The elections last week did not go well for Republicans. There were a lot of reasons for this, some real and some made up by non-Republicans. One state that had disappointing results was Virginia–the Democrats retained control of the Senate and retook the House of Delegates. Well, that may not be the end of the story.
On Saturday, Townhall reported:
We have reports that some funny business with a Virginia Democratic state senator might give control of the upper chamber to the Republicans. The Daily Wire’s Luke Rosiak wrote that there might be serious questions regarding the validity of Sen. Ghazala Hashmi’s residency. You must live in the district you’re representing, and multiple sources say Hashmi’s paperwork is inaccurate. Hashmi represented Senate District 10 but opted to run for the 15th district this cycle post-redistricting. The reason is apparent: this is a slam-dunk blue district encompassing parts of Richmond and Chesterfield County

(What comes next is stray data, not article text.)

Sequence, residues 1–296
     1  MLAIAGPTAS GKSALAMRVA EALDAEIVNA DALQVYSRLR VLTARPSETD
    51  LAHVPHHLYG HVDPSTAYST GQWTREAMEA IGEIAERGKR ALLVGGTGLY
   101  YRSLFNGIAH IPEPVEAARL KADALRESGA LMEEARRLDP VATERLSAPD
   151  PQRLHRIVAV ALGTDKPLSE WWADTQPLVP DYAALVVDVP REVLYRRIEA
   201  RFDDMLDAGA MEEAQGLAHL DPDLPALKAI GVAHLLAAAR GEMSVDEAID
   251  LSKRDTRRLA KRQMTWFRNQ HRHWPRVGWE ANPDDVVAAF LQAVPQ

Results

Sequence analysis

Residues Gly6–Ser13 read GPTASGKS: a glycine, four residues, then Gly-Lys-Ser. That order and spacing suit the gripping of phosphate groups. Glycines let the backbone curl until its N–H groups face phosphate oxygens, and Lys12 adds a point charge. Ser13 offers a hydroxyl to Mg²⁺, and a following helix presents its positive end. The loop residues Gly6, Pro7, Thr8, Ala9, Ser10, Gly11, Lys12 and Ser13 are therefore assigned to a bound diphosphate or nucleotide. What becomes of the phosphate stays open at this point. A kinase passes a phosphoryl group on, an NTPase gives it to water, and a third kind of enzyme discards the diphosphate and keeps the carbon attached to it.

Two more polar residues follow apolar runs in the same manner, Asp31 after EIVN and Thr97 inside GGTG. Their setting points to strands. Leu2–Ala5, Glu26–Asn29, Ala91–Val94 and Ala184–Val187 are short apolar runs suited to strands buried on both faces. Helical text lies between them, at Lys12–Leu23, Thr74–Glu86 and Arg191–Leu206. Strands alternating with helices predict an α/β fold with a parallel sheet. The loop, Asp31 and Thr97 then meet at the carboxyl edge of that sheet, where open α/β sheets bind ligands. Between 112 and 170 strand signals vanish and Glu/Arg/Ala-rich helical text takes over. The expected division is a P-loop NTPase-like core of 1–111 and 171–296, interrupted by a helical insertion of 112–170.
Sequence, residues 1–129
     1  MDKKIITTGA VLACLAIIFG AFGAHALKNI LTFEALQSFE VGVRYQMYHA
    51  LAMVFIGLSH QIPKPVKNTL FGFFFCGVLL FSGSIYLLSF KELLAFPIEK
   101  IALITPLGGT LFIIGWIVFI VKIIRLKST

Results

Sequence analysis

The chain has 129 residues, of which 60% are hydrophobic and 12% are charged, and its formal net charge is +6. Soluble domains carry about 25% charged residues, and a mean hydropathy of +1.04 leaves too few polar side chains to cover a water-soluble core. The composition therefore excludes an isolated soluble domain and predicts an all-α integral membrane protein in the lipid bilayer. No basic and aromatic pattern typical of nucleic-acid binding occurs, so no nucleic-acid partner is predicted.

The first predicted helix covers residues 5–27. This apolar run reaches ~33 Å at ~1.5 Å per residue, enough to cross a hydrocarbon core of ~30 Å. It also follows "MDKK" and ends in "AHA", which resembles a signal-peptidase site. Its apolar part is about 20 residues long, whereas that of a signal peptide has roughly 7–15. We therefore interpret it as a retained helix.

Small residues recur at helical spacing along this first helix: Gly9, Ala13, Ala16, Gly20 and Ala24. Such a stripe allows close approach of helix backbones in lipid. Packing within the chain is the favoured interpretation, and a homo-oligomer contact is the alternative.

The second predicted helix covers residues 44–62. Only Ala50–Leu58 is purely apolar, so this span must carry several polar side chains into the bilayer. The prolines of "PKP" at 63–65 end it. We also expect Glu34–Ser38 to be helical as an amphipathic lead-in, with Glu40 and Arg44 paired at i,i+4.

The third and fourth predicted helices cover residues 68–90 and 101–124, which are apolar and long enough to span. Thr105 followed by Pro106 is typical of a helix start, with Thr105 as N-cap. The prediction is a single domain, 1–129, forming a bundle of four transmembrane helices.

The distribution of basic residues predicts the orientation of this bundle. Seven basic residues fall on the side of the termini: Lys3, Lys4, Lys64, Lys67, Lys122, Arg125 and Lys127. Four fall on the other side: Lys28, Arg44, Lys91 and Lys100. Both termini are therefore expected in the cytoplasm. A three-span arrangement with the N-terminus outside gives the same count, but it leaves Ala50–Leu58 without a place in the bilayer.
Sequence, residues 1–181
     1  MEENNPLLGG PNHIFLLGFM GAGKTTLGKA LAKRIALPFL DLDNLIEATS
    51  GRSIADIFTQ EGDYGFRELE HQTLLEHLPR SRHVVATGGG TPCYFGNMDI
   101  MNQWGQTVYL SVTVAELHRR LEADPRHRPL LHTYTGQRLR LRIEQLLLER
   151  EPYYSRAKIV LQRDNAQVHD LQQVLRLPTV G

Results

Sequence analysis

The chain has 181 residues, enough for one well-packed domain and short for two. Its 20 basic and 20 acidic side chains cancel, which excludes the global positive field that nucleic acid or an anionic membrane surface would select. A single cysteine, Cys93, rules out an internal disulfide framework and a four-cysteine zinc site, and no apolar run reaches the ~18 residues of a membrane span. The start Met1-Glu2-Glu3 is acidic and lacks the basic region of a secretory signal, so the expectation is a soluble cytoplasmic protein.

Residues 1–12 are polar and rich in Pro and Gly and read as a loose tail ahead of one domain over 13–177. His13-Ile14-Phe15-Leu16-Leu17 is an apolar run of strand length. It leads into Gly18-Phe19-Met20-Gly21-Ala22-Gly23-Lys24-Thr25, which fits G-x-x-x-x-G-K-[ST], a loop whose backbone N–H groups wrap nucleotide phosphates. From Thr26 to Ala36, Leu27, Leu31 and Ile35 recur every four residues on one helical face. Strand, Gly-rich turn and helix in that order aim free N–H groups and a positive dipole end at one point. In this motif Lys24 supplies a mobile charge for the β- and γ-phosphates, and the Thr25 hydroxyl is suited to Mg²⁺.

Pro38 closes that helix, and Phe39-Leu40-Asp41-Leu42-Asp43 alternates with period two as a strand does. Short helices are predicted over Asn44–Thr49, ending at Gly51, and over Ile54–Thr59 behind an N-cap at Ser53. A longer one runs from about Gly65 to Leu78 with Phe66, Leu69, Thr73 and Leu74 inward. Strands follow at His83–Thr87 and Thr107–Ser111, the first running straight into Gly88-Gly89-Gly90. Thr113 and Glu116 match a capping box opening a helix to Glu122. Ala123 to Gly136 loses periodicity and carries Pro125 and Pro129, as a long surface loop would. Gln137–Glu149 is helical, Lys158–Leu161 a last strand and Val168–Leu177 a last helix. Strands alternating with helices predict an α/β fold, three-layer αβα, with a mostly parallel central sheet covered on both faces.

On Saturday, The Daily Wire reported:
…Hashmi filed candidacy paperwork saying she lived in an apartment on Boulder Lake Drive in North Chesterfield in Senate District 15.
But four neighbors filed a complaint saying she actually lives outside the district on Bosham Lane in Midlothian, and they provided a spreadsheet saying they had driven by the house 62 times during the month of October to document her residency. The notes include her car being there late at night and early in the morning, and her leaving the house shortly after 8 a.m. It also includes photographic evidence.
Putting Hashmi in a particular bind, if she did live in the Chesterfield apartment, then she may have committed a felony by concealing her ownership of the Midlothian home on sworn election forms.
The Certificate of Candidacy Qualification, which she signed March 14, 2023, says, “I now reside at the address shown below in the district in which I seek office,” under which she listed the North Chesterfield apartment.
The form also asks, “Do you or a member of your immediately family, separately or together, hold an interest valued at more than $5,000 in real property? DO NOT INCLUDE your principal residence.” She checked “no,” and did not list the Midlothian home. Real estate records show that she and her husband have owned that — worth nearly $600,000 — since 1999.